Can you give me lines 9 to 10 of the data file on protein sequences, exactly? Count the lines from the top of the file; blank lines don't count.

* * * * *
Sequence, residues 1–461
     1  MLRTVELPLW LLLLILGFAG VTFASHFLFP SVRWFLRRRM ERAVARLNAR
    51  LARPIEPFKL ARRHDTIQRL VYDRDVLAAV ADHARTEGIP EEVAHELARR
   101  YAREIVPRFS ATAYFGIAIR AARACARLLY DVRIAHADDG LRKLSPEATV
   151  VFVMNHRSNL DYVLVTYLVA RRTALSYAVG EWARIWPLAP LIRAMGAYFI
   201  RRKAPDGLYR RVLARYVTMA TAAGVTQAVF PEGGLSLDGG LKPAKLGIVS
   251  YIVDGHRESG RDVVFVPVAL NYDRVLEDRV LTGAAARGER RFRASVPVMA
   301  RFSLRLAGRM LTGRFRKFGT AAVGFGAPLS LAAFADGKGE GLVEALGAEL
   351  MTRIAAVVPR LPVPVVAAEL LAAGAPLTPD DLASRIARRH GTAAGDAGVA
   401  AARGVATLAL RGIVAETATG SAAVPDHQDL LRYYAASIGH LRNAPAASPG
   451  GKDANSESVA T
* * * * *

   351  MTRIAAVVPR LPVPVVAAEL LAAGAPLTPD DLASRIARRH GTAAGDAGVA
   401  AARGVATLAL RGIVAETATG SAAVPDHQDL LRYYAASIGH LRNAPAASPG